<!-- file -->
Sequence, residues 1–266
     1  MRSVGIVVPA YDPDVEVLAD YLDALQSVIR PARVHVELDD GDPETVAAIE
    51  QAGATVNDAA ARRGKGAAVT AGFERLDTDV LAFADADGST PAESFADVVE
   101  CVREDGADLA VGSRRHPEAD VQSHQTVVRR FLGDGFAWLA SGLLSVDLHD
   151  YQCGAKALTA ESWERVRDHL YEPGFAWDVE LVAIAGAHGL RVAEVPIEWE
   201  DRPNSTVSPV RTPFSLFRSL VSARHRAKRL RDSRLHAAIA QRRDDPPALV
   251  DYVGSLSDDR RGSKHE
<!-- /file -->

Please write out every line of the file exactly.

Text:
Sequence, residues 1–266
     1  MRSVGIVVPA YDPDVEVLAD YLDALQSVIR PARVHVELDD GDPETVAAIE
    51  QAGATVNDAA ARRGKGAAVT AGFERLDTDV LAFADADGST PAESFADVVE
   101  CVREDGADLA VGSRRHPEAD VQSHQTVVRR FLGDGFAWLA SGLLSVDLHD
   151  YQCGAKALTA ESWERVRDHL YEPGFAWDVE LVAIAGAHGL RVAEVPIEWE
   201  DRPNSTVSPV RTPFSLFRSL VSARHRAKRL RDSRLHAAIA QRRDDPPALV
   251  DYVGSLSDDR RGSKHE